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Every golfer has moments when they wish they could hit a draw. A draw allows you to safely play a shot that might otherwise go careening into the woods. Many golfers think this skill is reserved for the elite. But I'm here to tell you that with practice, anyone can do it. (Learn how to improve your golf warm-up.)
Note: The following instructions apply to a right-handed golfer hitting a shot that curves to the left.
Most golfers understand that the clubface has to be closed to the path to put spin on the ball that makes it curve to the left. The term "spin" in this context is actually a bit misleading. What a player does is tilt the spin axis of the ball at impact. There is no sidespin; it is actually backspin, but on a tilted angle. (Watch Scott Stallings' workout.)
Curving the ball to the left could be as simple as making sure the clubface is closed to the path of the club head. However, it needs to be more precise than that, because there is a specific target in golf.
Science has proven that the trajectory of the ball is 80% dependent on the angle of the clubface at impact (spin accounts for the remaining 20%). This is a change from the old 9-ball flight pattern, which assumed the path was determined solely by the initial direction of the ball. Thus, when hitting a draw you need to aim your clubface slightly to the right of the target.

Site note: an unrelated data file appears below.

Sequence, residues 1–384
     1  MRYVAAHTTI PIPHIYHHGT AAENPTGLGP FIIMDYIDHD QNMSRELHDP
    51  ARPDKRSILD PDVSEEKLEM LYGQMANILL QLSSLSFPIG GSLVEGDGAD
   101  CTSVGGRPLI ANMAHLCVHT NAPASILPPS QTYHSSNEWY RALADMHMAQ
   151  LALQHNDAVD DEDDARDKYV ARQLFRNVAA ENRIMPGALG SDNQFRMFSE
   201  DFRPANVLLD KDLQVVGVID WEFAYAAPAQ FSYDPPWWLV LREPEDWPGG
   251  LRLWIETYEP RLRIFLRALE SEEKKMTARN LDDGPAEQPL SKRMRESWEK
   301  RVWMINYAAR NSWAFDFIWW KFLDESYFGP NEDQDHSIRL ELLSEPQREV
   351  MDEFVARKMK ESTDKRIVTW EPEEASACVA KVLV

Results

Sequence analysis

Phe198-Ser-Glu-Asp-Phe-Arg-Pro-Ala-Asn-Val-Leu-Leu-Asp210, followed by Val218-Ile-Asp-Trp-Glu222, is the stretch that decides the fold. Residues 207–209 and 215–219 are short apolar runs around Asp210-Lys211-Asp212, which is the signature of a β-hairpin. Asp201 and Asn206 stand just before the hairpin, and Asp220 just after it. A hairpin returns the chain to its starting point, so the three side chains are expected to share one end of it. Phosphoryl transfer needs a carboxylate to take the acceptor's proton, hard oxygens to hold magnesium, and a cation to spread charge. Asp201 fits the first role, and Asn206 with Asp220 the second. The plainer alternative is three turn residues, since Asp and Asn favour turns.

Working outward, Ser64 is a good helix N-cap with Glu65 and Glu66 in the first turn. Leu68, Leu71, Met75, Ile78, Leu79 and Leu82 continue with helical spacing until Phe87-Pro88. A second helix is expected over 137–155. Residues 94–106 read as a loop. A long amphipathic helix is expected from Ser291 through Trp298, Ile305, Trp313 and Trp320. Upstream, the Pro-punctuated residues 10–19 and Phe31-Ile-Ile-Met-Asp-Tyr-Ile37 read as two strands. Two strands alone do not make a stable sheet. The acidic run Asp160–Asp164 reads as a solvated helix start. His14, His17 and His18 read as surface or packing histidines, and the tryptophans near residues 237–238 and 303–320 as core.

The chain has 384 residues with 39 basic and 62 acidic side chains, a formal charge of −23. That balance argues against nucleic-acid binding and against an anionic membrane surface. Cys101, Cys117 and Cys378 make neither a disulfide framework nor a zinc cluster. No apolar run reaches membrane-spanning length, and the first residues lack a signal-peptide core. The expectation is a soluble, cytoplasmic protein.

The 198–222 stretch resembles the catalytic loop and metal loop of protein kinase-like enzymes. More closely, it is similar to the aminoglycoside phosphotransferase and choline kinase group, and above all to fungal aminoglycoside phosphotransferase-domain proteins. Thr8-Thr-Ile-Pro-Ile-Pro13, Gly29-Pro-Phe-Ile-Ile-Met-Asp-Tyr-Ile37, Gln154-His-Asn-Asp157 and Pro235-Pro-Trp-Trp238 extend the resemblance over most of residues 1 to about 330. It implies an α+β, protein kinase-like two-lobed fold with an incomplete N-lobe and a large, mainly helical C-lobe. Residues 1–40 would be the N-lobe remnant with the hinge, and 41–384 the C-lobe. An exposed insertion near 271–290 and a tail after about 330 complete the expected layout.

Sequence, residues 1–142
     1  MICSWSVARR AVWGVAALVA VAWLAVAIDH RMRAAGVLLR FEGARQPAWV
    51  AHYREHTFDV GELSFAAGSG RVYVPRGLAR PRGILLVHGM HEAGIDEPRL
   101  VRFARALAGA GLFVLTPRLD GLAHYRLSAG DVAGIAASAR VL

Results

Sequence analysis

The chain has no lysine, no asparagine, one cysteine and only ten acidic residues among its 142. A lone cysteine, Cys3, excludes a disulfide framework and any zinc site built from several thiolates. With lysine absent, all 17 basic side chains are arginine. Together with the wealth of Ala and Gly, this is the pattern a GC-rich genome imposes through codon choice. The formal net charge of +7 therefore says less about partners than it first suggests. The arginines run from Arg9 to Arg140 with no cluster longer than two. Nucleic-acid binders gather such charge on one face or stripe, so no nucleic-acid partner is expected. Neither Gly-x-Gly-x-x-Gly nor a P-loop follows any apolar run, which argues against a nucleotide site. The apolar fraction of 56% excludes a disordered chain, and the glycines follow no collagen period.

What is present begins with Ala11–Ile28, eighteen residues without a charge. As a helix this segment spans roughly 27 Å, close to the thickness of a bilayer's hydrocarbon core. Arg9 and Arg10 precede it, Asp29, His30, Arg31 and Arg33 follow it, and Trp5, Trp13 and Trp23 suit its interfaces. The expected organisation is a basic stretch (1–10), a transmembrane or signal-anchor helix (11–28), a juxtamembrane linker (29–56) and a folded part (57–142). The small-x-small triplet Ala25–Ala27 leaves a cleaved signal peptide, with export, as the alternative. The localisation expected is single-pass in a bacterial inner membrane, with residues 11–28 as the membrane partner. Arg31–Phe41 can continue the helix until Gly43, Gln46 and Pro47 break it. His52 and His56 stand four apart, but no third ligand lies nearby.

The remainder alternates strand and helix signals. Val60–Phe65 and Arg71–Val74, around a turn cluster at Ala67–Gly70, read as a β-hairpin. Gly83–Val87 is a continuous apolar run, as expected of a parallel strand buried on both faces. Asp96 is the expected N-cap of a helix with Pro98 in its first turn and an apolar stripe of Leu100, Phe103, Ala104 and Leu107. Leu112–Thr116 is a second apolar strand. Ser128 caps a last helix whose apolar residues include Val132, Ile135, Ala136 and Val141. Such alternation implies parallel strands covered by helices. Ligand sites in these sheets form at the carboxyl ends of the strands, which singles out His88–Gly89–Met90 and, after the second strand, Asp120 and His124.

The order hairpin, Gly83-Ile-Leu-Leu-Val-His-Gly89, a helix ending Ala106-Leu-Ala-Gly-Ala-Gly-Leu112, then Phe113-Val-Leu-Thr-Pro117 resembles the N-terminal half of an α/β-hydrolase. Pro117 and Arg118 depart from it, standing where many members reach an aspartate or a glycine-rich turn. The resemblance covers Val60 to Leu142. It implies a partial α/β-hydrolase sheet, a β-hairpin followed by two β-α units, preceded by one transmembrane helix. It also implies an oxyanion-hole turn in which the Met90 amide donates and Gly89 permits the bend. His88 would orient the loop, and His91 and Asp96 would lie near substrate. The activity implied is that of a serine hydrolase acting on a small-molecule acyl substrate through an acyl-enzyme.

Once you have done this, you need to tilt the ball spin axis needs to the left. This means that the path has to be further to the right, so that the clubface is actually closed to the path.
Hitting a draw as described above is easy to execute if the club has zero angle of attack. Realistically, most shots are hit either with a negative attack angle (with irons, hitting down on the ball) or a positive angle of attack (with the driver, swinging up through the ball. (See Stability Training to Improve Your Swing.)
To understand this concept, picture a hula-hoop in the path where you swing the club. At the bottom of the hula-hoop is a zero angle of attack. The club is going neither up nor down the hula-hoop, but instead is traveling directly at the target. If the club strikes down on the ball, it occurs before it reaches the bottom and is pointed to the right of the target. If you held a pencil parallel to the hula-hoop two inches from the bottom before impact, you would see that the tip of the pencil is pointing right. The opposite is true when the club has swung past the bottom and starts to swing up. The club tracks up the hula-hoop and to the left, so the club path is now actually to the left.
To draw a shot, your swing direction has to be to the right if the attack angle is going to be positive and slightly to the left if negative. You can do this by aiming right or left (depending on the angle of attack) of the shot you would take if there was zero angle of attack.
Once you have the right mental picture of how a club works through the ball, you should be able to curve the ball in any direction and have complete control of it.
Good luck and keep swinging.